California moves toward public access for self-driving cars

California moves toward public access for self-driving cars
In this Jan. 8, 2017, file photo John Krafcik, CEO of Waymo Inc., the autonomous vehicle company created by Google's parent company, introduces a Chrysler Pacifica hybrid outfitted with Waymo's own suite of sensors and radar at the North American International Auto Show in Detroit. California regulators have taken an important step to clear the road for everyday people to get self-driving cars. The state's Department of Motor Vehicles on Wednesday, Oct. 11, 2017, published proposed rules that would govern the technology within California, where manufacturers have been testing hundreds of prototypes on roads and highways. (AP Photo/Paul Sancya,File)

California regulators took an important step Wednesday to clear the road for everyday people to get self-driving cars.

The state's Department of Motor Vehicles published proposed rules that would govern the technology within California, where for several years manufacturers have been testing hundreds of prototypes on roads and highways.

That testing requires a trained safety driver behind the wheel, just in case the onboard computers and sensors fail. Though companies are not ready to unleash the technology for regular drivers—most say it remains a few years away—the nation's largest state expects to have a final regulatory framework in place by June.

That framework, which could be tweaked in coming weeks, also would let companies begin testing prototypes with neither a steering wheel nor pedals—and indeed nobody at all inside. The public is unlikely to get that advanced version of the technology until several years after the deployment of cars that look and feel more like traditional, human-controlled vehicles.

Consumers probably won't be able to walk into a dealership and buy a fully driverless vehicle next year. Major automakers like Mercedes, BMW, Ford, Nissan and Volvo have all said it will be closer to 2020 before those vehicles are available, and even then, they could be confined to ride-hailing fleets and other shared applications.

Tesla Inc. says the cars it's making now have the hardware they need for full self-driving. The company is still testing the software and won't make it available to owners without regulatory approval.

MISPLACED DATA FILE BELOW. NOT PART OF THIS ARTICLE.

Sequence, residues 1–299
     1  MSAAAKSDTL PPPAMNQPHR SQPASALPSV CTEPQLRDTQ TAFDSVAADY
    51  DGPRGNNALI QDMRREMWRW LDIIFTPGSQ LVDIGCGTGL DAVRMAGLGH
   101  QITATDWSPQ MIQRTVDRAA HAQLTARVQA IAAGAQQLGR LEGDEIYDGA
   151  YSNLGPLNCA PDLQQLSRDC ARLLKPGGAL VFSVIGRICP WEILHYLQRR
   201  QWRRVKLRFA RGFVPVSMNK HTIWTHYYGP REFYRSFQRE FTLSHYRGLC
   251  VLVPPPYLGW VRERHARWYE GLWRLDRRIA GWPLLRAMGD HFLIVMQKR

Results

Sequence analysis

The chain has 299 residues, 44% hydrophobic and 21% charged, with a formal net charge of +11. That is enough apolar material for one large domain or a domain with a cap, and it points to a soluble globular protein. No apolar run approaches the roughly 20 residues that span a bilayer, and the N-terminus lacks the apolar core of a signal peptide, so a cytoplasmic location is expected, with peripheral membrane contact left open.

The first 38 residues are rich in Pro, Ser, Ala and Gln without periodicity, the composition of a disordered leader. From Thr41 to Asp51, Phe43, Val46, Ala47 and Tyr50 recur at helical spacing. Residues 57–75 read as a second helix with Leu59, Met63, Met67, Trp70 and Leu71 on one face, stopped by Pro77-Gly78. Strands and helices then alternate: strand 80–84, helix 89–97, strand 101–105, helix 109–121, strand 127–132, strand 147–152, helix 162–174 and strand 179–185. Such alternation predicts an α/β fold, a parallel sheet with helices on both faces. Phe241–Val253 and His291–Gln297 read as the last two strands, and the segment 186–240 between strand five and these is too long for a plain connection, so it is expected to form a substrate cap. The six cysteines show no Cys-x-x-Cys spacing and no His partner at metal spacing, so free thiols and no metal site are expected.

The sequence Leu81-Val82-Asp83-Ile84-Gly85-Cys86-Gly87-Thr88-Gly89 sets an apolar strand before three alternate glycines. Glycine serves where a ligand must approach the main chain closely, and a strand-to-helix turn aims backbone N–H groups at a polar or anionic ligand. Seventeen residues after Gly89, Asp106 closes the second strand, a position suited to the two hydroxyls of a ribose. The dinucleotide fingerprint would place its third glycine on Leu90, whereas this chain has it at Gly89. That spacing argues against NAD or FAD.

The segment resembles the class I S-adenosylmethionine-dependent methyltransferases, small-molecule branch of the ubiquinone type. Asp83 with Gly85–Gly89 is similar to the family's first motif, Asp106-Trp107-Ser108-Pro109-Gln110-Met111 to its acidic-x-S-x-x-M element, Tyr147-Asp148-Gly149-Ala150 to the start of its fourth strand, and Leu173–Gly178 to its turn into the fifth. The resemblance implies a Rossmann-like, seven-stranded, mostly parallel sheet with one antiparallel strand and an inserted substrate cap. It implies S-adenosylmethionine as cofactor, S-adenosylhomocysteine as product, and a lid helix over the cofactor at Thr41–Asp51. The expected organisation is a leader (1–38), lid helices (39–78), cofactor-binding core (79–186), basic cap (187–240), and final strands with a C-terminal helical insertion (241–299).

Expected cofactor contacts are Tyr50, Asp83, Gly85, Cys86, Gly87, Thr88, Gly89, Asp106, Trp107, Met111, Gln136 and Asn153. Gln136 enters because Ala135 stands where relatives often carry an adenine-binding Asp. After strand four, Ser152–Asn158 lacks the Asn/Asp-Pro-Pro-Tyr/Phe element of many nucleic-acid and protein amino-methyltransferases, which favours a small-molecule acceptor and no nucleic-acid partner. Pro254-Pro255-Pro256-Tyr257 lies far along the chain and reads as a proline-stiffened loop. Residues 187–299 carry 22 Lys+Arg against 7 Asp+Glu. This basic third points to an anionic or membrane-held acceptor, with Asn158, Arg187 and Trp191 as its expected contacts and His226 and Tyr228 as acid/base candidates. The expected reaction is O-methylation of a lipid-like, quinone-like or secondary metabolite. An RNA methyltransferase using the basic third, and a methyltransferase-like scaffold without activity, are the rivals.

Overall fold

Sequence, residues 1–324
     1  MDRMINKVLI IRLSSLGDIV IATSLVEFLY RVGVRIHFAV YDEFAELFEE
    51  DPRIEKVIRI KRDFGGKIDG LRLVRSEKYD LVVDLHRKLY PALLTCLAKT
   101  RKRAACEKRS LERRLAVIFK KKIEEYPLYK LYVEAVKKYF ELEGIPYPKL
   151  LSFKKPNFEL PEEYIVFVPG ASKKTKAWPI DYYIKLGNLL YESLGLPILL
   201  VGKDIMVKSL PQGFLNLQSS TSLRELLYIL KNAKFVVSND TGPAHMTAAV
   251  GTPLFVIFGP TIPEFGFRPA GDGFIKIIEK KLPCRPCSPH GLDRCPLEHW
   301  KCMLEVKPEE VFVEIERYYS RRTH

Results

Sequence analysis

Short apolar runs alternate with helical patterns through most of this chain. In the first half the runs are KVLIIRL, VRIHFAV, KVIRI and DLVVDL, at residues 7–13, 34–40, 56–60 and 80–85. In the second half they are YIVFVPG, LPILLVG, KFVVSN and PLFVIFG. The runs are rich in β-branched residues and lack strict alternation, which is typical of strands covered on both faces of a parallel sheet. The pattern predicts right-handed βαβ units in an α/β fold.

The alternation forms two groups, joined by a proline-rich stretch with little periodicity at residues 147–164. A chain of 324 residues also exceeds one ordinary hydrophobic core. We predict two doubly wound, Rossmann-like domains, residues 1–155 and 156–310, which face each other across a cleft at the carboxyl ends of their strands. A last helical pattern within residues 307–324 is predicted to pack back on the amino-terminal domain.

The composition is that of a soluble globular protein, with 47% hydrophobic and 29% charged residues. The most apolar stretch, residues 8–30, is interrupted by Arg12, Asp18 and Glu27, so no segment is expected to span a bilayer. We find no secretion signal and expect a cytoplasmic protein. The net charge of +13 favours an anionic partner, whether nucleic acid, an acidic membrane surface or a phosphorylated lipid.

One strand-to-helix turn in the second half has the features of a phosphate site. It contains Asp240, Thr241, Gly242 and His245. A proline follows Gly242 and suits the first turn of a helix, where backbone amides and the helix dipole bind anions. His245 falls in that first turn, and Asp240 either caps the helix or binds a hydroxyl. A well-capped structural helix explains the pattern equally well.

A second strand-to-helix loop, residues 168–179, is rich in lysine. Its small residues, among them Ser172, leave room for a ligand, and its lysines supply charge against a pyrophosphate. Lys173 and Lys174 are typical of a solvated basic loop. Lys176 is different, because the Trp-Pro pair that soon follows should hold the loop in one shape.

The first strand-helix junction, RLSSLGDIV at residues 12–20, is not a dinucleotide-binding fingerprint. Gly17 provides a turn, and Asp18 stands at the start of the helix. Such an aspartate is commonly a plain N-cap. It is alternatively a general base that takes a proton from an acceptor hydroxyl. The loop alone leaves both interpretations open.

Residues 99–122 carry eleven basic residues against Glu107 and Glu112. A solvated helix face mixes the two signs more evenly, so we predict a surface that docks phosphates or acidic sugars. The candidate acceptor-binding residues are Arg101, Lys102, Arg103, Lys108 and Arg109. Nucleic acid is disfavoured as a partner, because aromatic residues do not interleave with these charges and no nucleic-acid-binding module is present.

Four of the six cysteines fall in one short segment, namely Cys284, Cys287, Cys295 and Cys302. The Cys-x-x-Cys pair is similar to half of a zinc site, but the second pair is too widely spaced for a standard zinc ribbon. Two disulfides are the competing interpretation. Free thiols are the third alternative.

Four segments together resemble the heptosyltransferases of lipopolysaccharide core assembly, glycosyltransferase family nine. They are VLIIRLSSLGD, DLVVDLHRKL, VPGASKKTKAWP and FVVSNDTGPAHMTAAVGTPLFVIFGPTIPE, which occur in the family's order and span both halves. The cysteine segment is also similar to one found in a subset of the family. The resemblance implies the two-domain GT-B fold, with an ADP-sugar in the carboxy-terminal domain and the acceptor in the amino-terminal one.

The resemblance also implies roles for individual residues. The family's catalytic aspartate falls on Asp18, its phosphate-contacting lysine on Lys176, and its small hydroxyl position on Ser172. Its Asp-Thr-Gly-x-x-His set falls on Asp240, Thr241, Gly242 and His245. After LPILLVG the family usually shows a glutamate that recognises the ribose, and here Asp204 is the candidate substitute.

California moves toward public access for self-driving cars
In this Tuesday, Dec. 13, 2016, file photo, the Waymo driverless car is displayed during a Google event in San Francisco. California regulators have taken an important step to clear the road for everyday people to get self-driving cars. The state's Department of Motor Vehicles on Wednesday, Oct. 11, 2017, published proposed rules that would govern the technology within California, where manufacturers have been testing hundreds of prototypes on roads and highways. (AP Photo/Eric Risberg,File)

Still, Wednesday's announcement puts California on the verge of finalizing rules for public access which were due more than two years ago. The delay reflects both the developing nature of the technology as well as how the federal government—which is responsible for regulating the safety of the vehicles—has struggled to write its own rules.

Legislation intended to clear away federal regulations that could impede a new era of self-driving cars has moved quickly through Congress. The House has passed a bill that would permit automakers to seek exemptions to safety regulations, such as to make cars without a steering wheel, so they could sell hundreds of thousands of self-driving cars. A Senate committee approved a similar measure last week by a voice vote.

California's proposed rules must still undergo a 15-day public comment period, which could result in further changes, and then a protracted review by other state attorneys. Department of Motor Vehicles attorney Brian Soublet told reporters that the rules should be final before June, if not before.


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